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EDITORIAL


(25) 5 Oct 2018

Why Doesn’t Everyone Want To Be A Urologist, Our Tomorrows Will Be Better Than Our Yesterdays

For many years, I had a custom in the operating room. When a new resident would rotate on the service, I would wait until I had a big case on the schedule. During the middle of the case, I would stop, put my hands on the drapes, and exclaim, ”You know what I can’t understand?” The urology nurses, who were part of the ruse, would reply, ”Doctor, is there a problem? What don’t you understand?” I would then say, “I don’t understand why doesn’t everyone want to be a urologist?” Laughter would ensue and I would start on a discourse about how much fun it was to be a urologist. I still feel that way and so do most of the urologists that I know.

Seriously, why wouldn’t everyone want to be a urologist? Our specialty deals with the alpha and omega of life. We diagnose and treat some of the most daunting congenital abnormalities and also deal with prostate pathology, incontinence, sexual dysfunction and other diseases of the elderly. On top of that, most of our patients get better! The malignancies that we treat generally have very high cure rates and benign urologic disorders usually have very successful outcomes.

Recently, much has been made of physician ”burnout.” Some, mistakenly, quibble over the percentages of burnout. I think they miss the mark. The AUA 2016 Census provides a reasonable burnout estimate of 36.2%.1 It is true that urology practice has its challenges-long hours, electronic health records , increasing regulatory burdens and reimbursement issues all take their toll. However, the satisfaction of a well done technical procedure, a successful surgical outcome, the interaction with grateful patients and their families and the opportunity to work as part of a surgical team are rewards much more difficult to quantify than burnout.

David McCullough, the former Chief of Urology at Wake Forest, once said, “Urology sells itself.” Unlike some specialties where residency positions go unmatched, urology still enjoys immense popularity among medical students. AUA data confirm that last year the average medical student applied to 70 urology programs during the match.2 However, our specialty must remain vigilant and avoid complacency. The best way to “sell” urology is through medical student exposure to clinical urology. A decade ago, I distributed a survey to residency program directors and found that 34% of the directors reported decreased exposure of med students to urology compared to a decade earlier and that 65% stated that it was possible for a student to graduate from their medical school without any clinical introduction to urology.3 Urology faculty must be willing to emphasize to deans and other administrators how critical it is for all medical students to have some background in urology. How can anyone reasonably justify that a medical student can graduate without some knowledge of a specialty that treats three of the ten most common malignancies and ubiquitous benign disorders such as prostatic enlargement, incontinence, urolithiasis, sexual dysfunction and urinary tract infections?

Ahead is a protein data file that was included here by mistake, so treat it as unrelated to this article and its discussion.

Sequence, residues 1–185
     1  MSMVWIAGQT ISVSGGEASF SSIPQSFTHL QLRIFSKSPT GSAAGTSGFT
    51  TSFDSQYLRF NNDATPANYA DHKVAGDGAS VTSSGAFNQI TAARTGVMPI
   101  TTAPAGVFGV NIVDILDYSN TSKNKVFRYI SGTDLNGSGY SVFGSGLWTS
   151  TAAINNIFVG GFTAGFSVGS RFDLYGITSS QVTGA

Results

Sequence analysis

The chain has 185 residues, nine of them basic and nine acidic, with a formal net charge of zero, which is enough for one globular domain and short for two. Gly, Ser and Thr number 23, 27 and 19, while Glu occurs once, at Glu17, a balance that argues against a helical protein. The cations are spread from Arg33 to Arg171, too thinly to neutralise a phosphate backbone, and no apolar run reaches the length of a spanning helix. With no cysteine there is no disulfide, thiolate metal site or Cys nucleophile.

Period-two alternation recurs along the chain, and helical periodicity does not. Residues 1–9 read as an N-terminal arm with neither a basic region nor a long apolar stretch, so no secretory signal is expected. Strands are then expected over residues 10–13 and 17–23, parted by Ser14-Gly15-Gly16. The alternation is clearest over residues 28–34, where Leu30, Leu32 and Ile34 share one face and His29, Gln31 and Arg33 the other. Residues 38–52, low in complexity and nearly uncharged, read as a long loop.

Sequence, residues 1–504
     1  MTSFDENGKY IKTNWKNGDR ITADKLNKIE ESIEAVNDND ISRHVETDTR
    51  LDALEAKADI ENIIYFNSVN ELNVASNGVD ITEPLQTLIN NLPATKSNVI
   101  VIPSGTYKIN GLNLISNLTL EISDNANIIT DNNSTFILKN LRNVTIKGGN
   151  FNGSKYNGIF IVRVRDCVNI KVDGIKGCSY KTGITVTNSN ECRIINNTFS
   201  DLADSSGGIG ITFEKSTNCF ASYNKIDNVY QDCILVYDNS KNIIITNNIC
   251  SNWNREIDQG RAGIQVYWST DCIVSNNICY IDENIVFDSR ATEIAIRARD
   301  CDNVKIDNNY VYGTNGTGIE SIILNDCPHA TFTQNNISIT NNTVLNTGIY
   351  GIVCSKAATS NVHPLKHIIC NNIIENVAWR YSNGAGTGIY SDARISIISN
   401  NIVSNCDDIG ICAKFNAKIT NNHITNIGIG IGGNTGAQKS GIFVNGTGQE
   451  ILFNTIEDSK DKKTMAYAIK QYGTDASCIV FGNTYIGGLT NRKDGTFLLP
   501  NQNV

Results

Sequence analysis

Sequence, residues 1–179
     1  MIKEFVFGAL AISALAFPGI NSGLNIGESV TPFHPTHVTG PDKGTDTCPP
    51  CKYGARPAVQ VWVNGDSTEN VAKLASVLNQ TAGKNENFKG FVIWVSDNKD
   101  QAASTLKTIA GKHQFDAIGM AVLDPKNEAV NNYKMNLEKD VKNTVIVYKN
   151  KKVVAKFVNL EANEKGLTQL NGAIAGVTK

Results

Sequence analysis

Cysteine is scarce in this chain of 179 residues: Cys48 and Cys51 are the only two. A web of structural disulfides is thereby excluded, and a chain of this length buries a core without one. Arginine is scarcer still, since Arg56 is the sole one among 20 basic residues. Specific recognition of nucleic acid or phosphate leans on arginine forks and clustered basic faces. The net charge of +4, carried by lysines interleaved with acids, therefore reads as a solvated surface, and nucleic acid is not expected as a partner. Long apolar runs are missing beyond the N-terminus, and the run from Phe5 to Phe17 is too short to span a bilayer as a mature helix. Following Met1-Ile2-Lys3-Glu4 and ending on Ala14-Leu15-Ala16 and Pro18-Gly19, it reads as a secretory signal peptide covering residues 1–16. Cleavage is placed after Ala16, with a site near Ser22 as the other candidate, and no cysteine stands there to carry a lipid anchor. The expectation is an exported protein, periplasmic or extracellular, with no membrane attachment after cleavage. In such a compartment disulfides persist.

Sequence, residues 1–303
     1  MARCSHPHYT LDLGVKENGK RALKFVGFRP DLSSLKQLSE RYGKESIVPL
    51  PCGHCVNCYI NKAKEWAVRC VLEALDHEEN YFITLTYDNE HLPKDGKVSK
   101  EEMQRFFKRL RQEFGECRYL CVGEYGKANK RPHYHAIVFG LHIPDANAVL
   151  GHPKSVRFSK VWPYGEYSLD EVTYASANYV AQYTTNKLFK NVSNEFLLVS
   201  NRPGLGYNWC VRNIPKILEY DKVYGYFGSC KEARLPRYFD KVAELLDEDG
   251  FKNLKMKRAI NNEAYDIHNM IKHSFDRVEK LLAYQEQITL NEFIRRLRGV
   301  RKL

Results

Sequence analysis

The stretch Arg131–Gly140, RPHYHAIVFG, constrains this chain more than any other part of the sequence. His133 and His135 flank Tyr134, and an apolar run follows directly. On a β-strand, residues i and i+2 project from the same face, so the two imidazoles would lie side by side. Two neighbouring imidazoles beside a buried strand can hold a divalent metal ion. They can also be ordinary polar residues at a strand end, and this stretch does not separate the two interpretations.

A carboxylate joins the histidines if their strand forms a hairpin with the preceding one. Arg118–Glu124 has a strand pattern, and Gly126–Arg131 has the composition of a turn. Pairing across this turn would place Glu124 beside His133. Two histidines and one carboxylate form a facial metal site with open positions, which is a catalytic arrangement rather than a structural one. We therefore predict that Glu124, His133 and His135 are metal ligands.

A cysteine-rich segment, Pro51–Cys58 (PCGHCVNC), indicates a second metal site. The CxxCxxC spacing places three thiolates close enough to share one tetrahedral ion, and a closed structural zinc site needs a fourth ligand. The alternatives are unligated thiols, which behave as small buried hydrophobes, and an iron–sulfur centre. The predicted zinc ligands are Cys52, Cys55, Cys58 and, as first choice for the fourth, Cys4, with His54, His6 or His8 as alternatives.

The past should remind us of the rapidity of medical advances. The explosion of minimally invasive urologic surgery, the continued developments in urologic imaging and biomarkers and the understanding of molecular genetics that will serve as the underpinning of personalized medicine all have occurred in the past two decades.

The twentieth century has been referred to as the American Century, in many ways it was also the Century of American Medicine as well. The destinies of our country and our profession have been intertwined and the continued success of both will be co-dependent.

Physicians from around the world continue to come to our country to train and international patients arrive each year to seek treatment. That will not change. I have always felt that the phrase, “Our tomorrows will be better than our yesterdays” captures the American spirit. It also captures the essence of our profession. Will there be challenges ahead? Absolutely, but it will be confronting those challenges that will contribute to the ongoing satisfaction and real joy of our specialty.

During a press conference on 10/31/63, President Kennedy was asked whether he was enjoying his job as president? He answered by quoting the ancient Greek definition of happiness which is, “Using the full measure of your powers along the lines of excellence.” I think that captures the quiddity of urologic practice and I will ask again, why doesn’t everyone want to be a urologist?

Kevin R. Loughlin MD, MBA
Harvard Medical School
Brigham and Women’s Hospital
Boston, Massachusetts, USA



References

  1. State of the Urology Workforce and Practice in the United States, 2016.
  2. Data provided by the AUA, Linthicum, Maryland, 2018.
  3. Loughlin KR. The current status of medical student education in the United States. J Urol 2008;179(3):1087-1090.

© The Canadian Journal of Urology™; 25(5); October 2018

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